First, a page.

In his essay about the writing of KING CITY, recently published by Thomas &
Mercer, Lee, details the long, obstacle-strewn path that led—finally—to
“KING CITY began as a TV series pitch that I took all over Hollywood four or
five years ago. It generated some interest but ultimately didn't lead to
anything. So I put it in a drawer and moved on.”
But the idea nagged at him and Lee didn’t give up. He rewrote, revised, cut,
expanded, outlined—and then he did it all over again. You can read his detailed
account of the process here.
toughness also means the ability to concentrate and to lay down rules.
Mariano Rivera did not allow himself to be distracted by crowd noise, an
umpire’s bad call, shouted advice from leather-lunged fans or all the
woulda’s-coulda’s-shoulda’s. Laser-like, he concentrated on the next pitch, the
third strike and the last out.
takes a similar approach: She was quoted as saying that her family
knows that when she’s working, there are only two reasons to interrupt her:
“blood or fire.” She’s one of the world’s best-selling writers, the author of
200 books and someone who obviously has a few good ideas about productive
4) MISTAKES, BAD DECISIONS &
. Not someone else’s screw-up but your own.
- The terrible contract
- The agent-who-couldn’t-sell-Gone-With-The-Wind
you chose to represent you.
- The undercapitalized small publisher who
disappeared in the dead of night.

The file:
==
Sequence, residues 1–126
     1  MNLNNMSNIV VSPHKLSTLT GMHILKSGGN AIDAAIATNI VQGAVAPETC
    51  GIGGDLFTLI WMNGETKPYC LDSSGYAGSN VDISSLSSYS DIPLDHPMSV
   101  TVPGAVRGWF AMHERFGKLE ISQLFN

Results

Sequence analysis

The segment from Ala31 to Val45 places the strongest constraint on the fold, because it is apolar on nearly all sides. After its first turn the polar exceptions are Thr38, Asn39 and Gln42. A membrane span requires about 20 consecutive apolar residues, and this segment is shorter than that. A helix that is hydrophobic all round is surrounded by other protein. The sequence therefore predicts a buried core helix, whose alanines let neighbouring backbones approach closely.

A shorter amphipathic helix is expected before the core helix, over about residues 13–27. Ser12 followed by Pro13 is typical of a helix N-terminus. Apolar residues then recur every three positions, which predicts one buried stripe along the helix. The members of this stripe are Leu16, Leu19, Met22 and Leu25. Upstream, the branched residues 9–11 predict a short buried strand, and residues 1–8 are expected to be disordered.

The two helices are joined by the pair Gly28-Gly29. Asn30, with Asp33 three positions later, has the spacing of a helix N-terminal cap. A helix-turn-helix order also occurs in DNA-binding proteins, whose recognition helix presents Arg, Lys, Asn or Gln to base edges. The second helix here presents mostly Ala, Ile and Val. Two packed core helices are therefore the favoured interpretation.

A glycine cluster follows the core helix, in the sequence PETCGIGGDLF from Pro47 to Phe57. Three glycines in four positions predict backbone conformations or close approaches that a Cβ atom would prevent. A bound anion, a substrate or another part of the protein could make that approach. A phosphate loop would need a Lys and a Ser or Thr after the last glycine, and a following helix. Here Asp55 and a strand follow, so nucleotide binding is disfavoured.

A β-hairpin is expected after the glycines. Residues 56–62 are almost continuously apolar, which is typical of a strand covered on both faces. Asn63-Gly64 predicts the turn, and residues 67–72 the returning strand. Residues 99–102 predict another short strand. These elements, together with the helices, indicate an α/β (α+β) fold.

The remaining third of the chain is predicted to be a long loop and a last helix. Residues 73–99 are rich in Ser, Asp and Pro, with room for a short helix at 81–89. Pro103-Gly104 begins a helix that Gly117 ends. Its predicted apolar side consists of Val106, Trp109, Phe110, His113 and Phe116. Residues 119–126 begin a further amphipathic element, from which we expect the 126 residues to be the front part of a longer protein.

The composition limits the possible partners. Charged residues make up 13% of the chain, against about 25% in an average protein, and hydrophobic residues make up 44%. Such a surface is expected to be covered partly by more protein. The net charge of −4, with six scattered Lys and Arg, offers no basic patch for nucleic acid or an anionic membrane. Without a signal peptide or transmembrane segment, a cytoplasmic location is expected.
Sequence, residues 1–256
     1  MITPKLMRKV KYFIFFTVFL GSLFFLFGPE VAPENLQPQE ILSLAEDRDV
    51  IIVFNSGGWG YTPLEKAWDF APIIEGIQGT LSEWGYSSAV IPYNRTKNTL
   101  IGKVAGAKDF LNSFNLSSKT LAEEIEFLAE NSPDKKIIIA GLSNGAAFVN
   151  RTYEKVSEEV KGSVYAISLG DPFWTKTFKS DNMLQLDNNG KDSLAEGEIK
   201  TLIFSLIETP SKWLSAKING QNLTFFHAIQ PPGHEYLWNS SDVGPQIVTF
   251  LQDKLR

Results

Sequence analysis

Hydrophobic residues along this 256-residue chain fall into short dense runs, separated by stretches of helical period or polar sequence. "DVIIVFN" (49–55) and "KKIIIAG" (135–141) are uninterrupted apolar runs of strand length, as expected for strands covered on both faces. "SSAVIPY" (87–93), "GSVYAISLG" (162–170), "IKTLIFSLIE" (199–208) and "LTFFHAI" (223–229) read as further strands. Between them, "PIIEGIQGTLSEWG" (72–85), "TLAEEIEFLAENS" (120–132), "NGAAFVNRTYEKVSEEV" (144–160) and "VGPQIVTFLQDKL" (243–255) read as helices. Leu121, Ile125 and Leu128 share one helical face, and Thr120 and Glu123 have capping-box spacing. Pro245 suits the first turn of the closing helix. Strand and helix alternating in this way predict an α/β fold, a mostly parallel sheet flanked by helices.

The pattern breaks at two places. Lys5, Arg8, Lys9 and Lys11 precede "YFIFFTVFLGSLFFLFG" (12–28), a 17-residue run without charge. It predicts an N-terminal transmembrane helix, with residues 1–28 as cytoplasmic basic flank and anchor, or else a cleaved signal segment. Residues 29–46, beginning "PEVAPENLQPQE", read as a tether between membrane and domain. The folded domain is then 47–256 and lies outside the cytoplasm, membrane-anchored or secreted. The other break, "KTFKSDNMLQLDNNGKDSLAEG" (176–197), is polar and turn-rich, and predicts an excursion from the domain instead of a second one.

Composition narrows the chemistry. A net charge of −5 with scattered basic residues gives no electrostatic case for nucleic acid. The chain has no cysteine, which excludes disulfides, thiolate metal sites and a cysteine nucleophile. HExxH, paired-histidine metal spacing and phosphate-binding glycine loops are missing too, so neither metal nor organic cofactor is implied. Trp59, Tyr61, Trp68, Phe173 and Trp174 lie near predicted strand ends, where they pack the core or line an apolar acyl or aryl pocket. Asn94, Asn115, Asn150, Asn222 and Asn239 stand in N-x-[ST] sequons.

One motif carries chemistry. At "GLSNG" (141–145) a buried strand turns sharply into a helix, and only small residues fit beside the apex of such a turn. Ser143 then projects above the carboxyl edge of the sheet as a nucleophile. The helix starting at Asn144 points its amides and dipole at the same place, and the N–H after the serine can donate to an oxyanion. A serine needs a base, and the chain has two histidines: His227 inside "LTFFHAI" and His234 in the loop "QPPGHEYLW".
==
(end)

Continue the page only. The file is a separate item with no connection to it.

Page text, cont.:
If the cost of your own poor judgment is
financial, think of the price as tuition.
You’ve certainly learned something, most of all about yourself and also about
the sharks and incompetents to beware of. The cost of that expensive knowledge
is financial loss. It’s the tuition you paid to learn a valuable lesson.
Sometimes all you
can do is laugh it off. Definitely a sign of mental strength. As a friend of
mine—she’s a bestselling writer—once said when a guy she wasn’t even that crazy
about dumped her: “Sometimes you can’t even get what you don’t even want.”
Black humor works wonders so don’t forget that looking through a noir lens can
be a jolting brace of reality-adjustment (aka mental toughness).
6) THE LEFT/RIGHT BRAIN STRATEGY.
Analyze the problem rationally and
figure out coping strategies. You’ll feel much better.
Cozy mystery author Elizabeth S. Craig
explains: “I’ve gone a step farther, too. Besides looking for data from reader
emails, I’ve sought out and read my stinky reviews online…and analyzed them for
a common thread. When I saw something mentioned repeatedly, I made a note of
it. It’s not too hard to get past any hurt feelings when you’re being
analytical—easier than it might seem, actually.”
Bottom line: Don’t wallow. Analyze!
Winston Churchill, who led England to victory in World War II, knew something
about mental toughness: “Success is not final. Failure is not fatal: it is the
courage to continue that counts.”
Also from the Brits: Keep calm and carry on.
You’re tougher, more resilient and flexible, more able to laugh at yourself and
the world around you than you might think. After all, as Carlos Castaneda said,
“We either make ourselves miserable, or we make ourselves strong. The
amount of work is the same.”
What about you,
scriveners? Have you been able to develop mental toughness? Do you have any
tricks to share with your fellow writers who might not have been around long
enough to build those callouses on their souls?
Labels: coping with rejection, Elizabeth S. Craig, How to be a Writer, IBBA Awards Finalist, learning to fail, Lee Goldberg, Mariano Rivera, Mental toughness, Nora Roberts, Ruth Harris